The way one tends to view the Oscar race is from the top down. Before the films have been seen, one pays attention to the director, the writer, the studio, sometimes the actors involved, and the last thing we look at is the plot. Traditionally, it has been hard to break this model.
Now we must also take into consideration the atmosphere of movie love online. Marketing in the age of cynicism or snark requires sensitivity.
No one is going to say that the Oscars have to be dumbed down, or that Academy members necessarily pay attention to what’s happening online, but there is trickle down, it does impact PERCEPTION. In the Oscar race, perception is everything.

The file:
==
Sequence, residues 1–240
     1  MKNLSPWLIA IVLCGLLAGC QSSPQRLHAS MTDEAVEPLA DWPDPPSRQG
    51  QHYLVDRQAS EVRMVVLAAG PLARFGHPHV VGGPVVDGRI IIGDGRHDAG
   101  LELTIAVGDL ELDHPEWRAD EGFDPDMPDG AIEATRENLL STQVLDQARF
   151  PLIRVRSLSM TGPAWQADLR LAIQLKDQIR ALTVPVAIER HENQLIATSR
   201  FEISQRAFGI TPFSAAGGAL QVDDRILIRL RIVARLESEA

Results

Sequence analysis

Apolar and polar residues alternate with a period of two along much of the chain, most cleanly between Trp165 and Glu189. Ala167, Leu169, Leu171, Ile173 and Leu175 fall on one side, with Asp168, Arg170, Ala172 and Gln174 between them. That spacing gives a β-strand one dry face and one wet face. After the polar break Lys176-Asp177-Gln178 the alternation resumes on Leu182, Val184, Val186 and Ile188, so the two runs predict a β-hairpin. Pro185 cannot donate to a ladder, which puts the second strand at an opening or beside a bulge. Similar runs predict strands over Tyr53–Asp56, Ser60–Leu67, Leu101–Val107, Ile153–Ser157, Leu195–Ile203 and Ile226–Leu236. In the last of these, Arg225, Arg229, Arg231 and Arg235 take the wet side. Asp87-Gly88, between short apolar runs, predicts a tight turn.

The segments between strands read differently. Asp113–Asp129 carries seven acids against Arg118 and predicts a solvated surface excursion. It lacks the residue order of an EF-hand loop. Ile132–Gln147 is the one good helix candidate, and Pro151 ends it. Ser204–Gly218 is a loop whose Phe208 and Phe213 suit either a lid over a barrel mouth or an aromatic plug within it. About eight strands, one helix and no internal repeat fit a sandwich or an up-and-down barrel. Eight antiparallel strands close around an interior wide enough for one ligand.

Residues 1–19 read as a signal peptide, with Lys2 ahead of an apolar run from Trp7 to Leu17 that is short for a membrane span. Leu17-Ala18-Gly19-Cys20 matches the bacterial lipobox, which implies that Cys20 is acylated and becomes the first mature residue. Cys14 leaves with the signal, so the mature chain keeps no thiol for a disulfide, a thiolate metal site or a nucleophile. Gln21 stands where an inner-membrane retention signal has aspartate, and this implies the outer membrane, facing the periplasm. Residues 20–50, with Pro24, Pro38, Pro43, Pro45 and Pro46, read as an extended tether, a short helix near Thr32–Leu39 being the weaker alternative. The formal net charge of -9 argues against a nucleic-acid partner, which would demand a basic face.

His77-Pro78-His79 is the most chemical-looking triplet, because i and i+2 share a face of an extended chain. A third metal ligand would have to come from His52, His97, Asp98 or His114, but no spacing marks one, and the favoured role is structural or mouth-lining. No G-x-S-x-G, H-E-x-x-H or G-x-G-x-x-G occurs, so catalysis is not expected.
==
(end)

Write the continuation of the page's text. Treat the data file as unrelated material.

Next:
I personally don’t feel like ridding my personality of sincerity. I watched and loved every minute of Flipped, knowing that I didn’t belong to this world, particularly, but not minding. I don’t think we gain anything by giving that up. The message of Flipped was to beyond what’s right in front you and see the art in everything. It was also about being brave enough to embrace the oddities.
Therefore, I hope that the AMPAS can model similar bravery. Don’t wonder whether or not tweens or audiences will be too cool to let the sunshine in. Oscar can still lead the way.